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Taylor v. State

Supreme Court of Georgia

June 18, 2018


          BENHAM, JUSTICE.

         Brandon Lamar Taylor and his three co-indictees (Henry Grady Finley, III, James Jordan, and Christopher Cushenberry) were charged with malice murder, three counts of felony murder, and other offenses arising out of the shooting death of Javarus Dupree. Taylor was tried jointly with Henry Grady Finley, whose convictions have already been affirmed.[1] The jury found Taylor guilty of two counts of felony murder (predicated on criminal attempt to commit armed robbery and on conspiracy to commit armed robbery), as well as the underlying predicate crimes to those felony murder charges. The evidence showed that Finley and Cushenberry had run out of money and needed more to continue their weekend of partying. They pursued a plan to entice the victim, a known drug dealer, to meet them at a certain place so they could rob him. Appellant joined the other three co-indictees when they met up with the victim under the ruse of setting up a "buy." During the attempted robbery, Jordan shot the victim in the head, resulting in his death. The trial court denied appellant's motion for new trial, and he appeals.[2]

         1. Appellant challenges the sufficiency of the evidence to support the convictions, and he claims he was entitled to a directed verdict of acquittal, as he requested at trial. A summary of the evidence presented at trial, viewed in the light most favorable to the guilty verdicts returned against codefendant Finley, was set forth in this Court's opinion affirming Finley's conviction. See Finley v. State, supra, 298 Ga. at 452-453 (1). Viewed in the light most favorable to the guilty verdict returned against appellant, the evidence shows, as noted above, that Finley and Cushenberry launched a plan to rob a drug dealer to fund another night of partying. At about 3:00 p.m. on the day of the shooting, appellant got a ride with Finley to Cushenberry's house where the three men met up with Jordan. Although appellant testified at trial and denied knowing about a robbery plan, the victim's cell phone records showed multiple phone calls between the victim and Jordan during the forty-five minutes prior to the shooting, during which time appellant was with Jordan and the other men. After Finley contacted the victim to arrange a meeting, Finley drove the men to a gas station where appellant bought cigars. When the men learned the victim was nearby, appellant and Jordan exited the car and commenced walking. The victim picked them up in his car, and the three men proceeded to the parking lot just outside the pool house in a Douglasville neighborhood near Finley's apartment. Meanwhile, Finley and Cushenberry had driven Jordan's car to Finley's apartment to wait for the robbery to take place. At around 4:00 p.m., witnesses testified they heard a single gunshot and then saw two men jump out of the victim's car and run in the direction of the area where Finley and Cushenberry were waiting. Shortly thereafter, the four men met up at Finley's apartment. The victim was found shot in the head inside his car, and he died from his wounds the next day.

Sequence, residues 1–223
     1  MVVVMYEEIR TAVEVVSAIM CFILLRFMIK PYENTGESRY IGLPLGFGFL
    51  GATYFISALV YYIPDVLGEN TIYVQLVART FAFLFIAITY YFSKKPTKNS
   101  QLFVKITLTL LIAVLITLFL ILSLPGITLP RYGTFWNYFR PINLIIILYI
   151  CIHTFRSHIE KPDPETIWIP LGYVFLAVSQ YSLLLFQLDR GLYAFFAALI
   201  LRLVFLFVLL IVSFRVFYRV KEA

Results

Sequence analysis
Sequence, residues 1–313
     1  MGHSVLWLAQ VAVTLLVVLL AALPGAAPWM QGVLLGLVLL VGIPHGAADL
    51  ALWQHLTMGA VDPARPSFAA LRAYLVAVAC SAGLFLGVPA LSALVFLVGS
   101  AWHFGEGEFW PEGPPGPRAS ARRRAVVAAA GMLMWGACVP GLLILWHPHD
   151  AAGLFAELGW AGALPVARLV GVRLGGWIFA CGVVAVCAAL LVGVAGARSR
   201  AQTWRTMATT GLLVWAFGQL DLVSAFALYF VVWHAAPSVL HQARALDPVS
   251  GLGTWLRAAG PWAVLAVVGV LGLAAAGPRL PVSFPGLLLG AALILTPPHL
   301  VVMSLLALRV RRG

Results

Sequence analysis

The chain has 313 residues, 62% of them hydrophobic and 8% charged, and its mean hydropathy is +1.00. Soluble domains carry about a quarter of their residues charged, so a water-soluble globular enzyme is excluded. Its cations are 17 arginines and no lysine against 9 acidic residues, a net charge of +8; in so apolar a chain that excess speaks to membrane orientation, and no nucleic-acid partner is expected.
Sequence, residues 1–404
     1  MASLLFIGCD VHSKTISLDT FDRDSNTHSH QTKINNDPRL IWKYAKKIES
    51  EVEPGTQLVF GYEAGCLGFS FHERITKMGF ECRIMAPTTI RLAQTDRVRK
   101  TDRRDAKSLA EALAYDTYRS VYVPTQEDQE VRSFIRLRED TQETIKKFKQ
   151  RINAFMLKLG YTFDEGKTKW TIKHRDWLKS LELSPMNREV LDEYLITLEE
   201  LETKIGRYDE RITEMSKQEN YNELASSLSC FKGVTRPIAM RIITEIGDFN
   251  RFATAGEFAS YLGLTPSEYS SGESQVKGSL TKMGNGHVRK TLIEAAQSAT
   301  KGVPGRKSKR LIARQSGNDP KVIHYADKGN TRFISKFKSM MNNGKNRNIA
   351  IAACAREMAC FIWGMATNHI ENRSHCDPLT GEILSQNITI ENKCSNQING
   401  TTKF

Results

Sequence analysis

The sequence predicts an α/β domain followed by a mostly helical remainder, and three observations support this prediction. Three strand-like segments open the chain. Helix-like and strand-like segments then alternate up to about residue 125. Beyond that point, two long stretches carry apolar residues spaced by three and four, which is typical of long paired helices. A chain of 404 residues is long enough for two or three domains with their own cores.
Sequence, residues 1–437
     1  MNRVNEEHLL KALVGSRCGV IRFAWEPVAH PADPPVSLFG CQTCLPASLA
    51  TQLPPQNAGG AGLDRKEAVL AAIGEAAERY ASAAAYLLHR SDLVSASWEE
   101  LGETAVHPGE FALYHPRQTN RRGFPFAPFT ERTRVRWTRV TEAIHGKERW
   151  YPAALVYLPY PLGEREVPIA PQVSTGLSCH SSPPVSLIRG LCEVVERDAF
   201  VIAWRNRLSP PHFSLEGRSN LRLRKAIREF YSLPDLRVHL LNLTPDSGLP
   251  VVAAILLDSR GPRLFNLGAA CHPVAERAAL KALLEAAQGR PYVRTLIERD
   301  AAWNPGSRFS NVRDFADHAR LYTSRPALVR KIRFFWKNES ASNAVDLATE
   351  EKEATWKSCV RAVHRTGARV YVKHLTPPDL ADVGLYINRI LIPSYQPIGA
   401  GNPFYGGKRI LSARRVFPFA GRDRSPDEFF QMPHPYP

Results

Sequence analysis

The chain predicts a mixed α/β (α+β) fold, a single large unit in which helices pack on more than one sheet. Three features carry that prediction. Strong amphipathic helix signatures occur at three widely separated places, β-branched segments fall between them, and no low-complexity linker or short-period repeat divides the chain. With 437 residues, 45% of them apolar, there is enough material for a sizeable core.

Appellant testified at trial and told the jury he went along with the other three men to meet a person he was told would sell them marijuana. He admitted he and Jordan exited the vehicle Finley was driving at the gas station and commenced walking down the road, at which point the victim drove by and picked them up. Evidence was presented that Finley called appellant three times between 3:41 p.m. and 3:43 p.m., and appellant believed he spoke to Finley at least once during that time. Appellant admitted that when he spoke to Finley appellant was probably walking to meet the victim, and he testified that Finley was probably telling him to hurry up and return with the cigar he had purchased at the gas station.